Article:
Oranges should be kept in a cool, dry room at around 10-15 °C. There they will keep for more than a week. In the fridge the fruit will stay fresh for much longer, but it will lose its aroma. If the temperature is too high, oranges tend to rot and develop mold. Storage in a fruit basket, bruises and the ripening gas ethylene that other types of fruit emit promote spoilage in oranges. Therefore, it is important to spread them out next to each other if possible and regularly check for bruises and spoiled fruit.

In general, you should aim for ripe fruit when buying, as oranges, unlike other fruits, do not ripen through storage.

Ingredients - Nutritional values - Calories

Oranges without the peel contain around 47 kcal/100g. Of the 12% carbohydrates, around 9% is sugar, 3 which is made up of sucrose, fructose and glucose. Fat and protein are barely contained at < 1% and fibre accounts for around 2.4%. Oranges are known as a good source of vitamin C. However, with an average content of 53 mg of vitamin C per 100 g of pulp, they are far behind sweet peppers (183.5 mg), blackcurrants (181 mg), wild garlic (178.5 mg) or kiwi (93 mg). 3 The vitamin C content is highest in unripe oranges and in the peel it can even be up to seven times higher than in the pulp. 2

The dominant fruit acid is citric acid. Blood oranges also contain healthy anthocyanins as colorants. The peels contain plenty of pectin and essential oils. The mineral content is comparatively low. 2 Oranges can be stored for a long time, with the nutrients and flavor largely retained. This makes them a reliable source of vitamin C. Nevertheless, it would be an exaggeration to call oranges a superfood, as other types of fruit and vegetables contain significantly more vitamin C. Watch our video about vitamin C.

Folate , a folic acid-active substance group, is contained in the flesh of oranges at 30 µg/100g, which covers about 15% of the daily requirement. Galia melons have the same value, while avocados exceed it by more than double at 81 µg/100g.

Health effects

How healthy are oranges? Oranges have been studied extensively scientifically and are a good source of various bioactive compounds with numerous health-promoting properties. They are rich in vitamins, minerals andfiber , which are very important for growth and healthy development.

Oranges contain vitamin C, which has a variety of functions in metabolic processes. As a powerful antioxidant (radical scavenger), it supports the immune system and improves the absorption of iron from other plant-based foods. 1,6,22 Vitamin C protects folic acid , vitamin E and LDL cholesterol from oxidation. In this way, antioxidants block the complex process of arteriosclerosis development in a crucial, very early phase. Today we know that oxidized LDL cholesterol is a major risk factor for arteriosclerosis. 6 You can find more effects in our article Vitamin C (ascorbic acid) .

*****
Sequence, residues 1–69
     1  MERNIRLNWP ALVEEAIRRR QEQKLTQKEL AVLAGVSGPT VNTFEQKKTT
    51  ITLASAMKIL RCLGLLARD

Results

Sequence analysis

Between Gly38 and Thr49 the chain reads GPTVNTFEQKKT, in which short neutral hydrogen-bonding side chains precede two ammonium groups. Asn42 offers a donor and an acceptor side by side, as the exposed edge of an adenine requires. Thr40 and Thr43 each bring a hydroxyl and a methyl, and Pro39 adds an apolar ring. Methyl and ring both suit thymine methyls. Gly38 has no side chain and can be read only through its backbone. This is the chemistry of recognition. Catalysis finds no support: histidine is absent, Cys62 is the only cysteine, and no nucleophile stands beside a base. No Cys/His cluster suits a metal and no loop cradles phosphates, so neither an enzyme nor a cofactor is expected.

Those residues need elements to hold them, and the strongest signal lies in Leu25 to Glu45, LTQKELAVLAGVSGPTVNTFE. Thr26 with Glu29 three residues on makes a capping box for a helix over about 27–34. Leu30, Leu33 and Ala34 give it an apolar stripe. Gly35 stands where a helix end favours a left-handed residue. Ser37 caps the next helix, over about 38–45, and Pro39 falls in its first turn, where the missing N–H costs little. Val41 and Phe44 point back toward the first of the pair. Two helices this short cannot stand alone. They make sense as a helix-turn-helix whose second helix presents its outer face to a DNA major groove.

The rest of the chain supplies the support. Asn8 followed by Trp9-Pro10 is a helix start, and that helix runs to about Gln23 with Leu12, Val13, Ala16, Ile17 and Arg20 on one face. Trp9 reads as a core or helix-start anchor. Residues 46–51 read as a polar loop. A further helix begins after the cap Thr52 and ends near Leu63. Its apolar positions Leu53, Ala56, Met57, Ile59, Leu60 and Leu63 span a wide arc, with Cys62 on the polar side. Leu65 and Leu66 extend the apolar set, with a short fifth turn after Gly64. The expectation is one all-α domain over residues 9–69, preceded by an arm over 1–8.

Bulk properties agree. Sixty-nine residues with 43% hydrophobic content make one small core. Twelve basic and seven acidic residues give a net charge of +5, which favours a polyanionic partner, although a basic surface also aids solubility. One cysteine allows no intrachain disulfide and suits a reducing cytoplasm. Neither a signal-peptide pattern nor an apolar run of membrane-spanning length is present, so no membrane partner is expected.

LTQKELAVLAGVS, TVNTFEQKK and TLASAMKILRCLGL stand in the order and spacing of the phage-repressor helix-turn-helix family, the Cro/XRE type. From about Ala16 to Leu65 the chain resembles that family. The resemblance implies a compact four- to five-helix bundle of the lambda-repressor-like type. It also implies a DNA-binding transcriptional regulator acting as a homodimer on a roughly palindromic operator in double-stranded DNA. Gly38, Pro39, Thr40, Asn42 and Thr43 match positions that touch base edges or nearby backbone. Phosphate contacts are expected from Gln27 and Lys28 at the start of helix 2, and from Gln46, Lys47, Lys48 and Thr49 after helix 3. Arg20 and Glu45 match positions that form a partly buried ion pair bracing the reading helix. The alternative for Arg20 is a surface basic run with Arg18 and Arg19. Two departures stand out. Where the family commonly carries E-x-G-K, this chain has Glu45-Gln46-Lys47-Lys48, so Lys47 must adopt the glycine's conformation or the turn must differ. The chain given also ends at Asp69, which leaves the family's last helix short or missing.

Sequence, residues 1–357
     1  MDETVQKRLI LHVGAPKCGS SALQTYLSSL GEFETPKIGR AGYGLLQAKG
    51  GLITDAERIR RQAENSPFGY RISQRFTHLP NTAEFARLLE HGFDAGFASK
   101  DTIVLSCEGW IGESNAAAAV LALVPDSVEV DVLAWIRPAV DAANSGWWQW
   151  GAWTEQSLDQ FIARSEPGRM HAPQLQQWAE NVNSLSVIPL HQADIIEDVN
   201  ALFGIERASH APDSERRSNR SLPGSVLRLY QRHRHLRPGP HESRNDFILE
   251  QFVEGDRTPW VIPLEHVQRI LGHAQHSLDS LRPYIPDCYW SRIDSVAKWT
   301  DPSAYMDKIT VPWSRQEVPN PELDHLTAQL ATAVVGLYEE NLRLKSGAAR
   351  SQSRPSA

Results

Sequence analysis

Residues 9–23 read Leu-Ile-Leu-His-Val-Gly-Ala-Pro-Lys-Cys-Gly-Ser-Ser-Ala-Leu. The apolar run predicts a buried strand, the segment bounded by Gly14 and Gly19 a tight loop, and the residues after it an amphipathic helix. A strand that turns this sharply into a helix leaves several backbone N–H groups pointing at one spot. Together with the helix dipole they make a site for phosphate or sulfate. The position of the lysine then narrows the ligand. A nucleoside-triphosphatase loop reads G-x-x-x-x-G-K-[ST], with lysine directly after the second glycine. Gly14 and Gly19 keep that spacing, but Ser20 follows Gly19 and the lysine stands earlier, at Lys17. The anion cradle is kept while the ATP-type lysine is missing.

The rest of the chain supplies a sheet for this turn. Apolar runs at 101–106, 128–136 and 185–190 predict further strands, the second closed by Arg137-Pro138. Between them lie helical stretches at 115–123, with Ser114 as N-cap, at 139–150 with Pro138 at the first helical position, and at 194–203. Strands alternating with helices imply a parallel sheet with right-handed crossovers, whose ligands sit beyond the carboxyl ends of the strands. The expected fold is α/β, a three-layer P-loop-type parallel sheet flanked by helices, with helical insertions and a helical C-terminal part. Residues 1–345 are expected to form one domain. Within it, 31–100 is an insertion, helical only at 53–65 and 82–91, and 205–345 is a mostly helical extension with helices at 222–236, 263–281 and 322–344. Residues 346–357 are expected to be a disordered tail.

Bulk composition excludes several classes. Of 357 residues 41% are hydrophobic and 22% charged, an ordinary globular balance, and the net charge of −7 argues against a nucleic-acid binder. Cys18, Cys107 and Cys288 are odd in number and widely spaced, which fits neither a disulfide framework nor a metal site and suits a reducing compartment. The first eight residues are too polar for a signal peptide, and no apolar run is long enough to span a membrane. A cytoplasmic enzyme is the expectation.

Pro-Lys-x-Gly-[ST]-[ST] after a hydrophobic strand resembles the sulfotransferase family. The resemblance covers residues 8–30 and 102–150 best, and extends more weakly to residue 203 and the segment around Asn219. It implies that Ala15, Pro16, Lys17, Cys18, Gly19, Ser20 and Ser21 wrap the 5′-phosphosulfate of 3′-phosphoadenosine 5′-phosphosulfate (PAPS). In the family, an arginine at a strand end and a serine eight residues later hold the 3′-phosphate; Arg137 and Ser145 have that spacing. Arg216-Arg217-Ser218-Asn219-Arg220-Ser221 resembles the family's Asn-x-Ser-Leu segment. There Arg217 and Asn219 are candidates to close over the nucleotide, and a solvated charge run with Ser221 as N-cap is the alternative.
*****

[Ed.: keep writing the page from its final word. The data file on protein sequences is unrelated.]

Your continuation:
In scientific studies, crude extracts, fractions and isolated compounds of oranges show various pharmacological activities such as anticarcinogenic, antibacterial, antioxidant, antimicrobial and antifungal as well as supportive effects in the treatment of obesity, cholesterol, cardiovascular diseases, osteoporosis and neurodegenerative diseases such as Alzheimer's. 27 The health effects of oranges are mainly due to the secondary plant substances they contain.

Secondary plant substances

Our article on secondary plant substances provides an overview of the classification of substance groups, their occurrence in foods and possible effects on humans.

The following secondary plant substances are found in different parts of oranges: 27,28

  • Isoprenoids : Terpenoids: Geranyl acetate (leaf, flower and peel), limonoids; Terpenes: essential oils such as limonene, pinene, terpinene, neral, geranial, myrcene, linalool, carvone, farnesol, valencene, cadinene, sinensal, octanal, decanal, ethanal, ocimene, linalyl acetate, linalool, 3-carene, ocimene, β-ocimene, terpinen-4-ol, α-cubebene, beta-elmene, α-caryophyllene, 1-octanol, β-terpineol, nerol, e-carveol, β-geraniol, ethyl butanoate, ethyl acetate, ethyl propanoate, methyl butanoate, hexanal, 2E-hexanal, heptanal, udecanal, (leaf, flower and peel); Steroids:β-sitosterol , β-sitosterol-3-O-β-d-glucopyranoside (leaf); Carotenoids: zeaxanthin, zeinoxanthin, β-cryptoxanthin, lutein, auroxanthin, α-carotene (whole fruit)
  • Polyphenols : Phenolic acids: vanillin, guaiacol, malic acid, carboxylic acids, coumaric acids, ester derivatives (leaf, flower and peel); Flavonoids: including hesperedin, hesperetin, naringin, naringenin, sakuratin, 3,5,4′-trihydroxy-7, 3′-dimethoxy-flavanone-glc, narirutin 4′-glucoside, narirutin, isosakuranetin, tangeretin, nobiletin, chrysoeriol, limocitrin, limocitrol, quercetagetin, isosakuranetin, daidzein, genistein, formononetin, isoformononetin, biochanin A, prunetin, glycitein, daidzin, sissotrin, glytin, ononin, genistin (shell); Coumarins: scoparone, limetin, osthol, xanthotoxin, bergapten, isopimpinellin, bergaptol (shell); carbamates: carbosulfan, carbofuran, 3-hydroxycarbofuran, dibutylamine (fruit)
  • Alkaloids: Synephrine (leaf, flower and peel)
  • Other nitrogen-containing compounds : hydroxylamides, alkanes, alkylamines, octopamine, tyramine, N-methyltyramine, terbutaline (leaf, flower and peel)

The pharmaceutical, cosmetic and food industries widely use the essential oils extracted from the peel of oranges due to their aromatic, antibacterial and mycotic effects as well as their antioxidant, antimicrobial, analgesic, neuroprotective and soothing properties. 27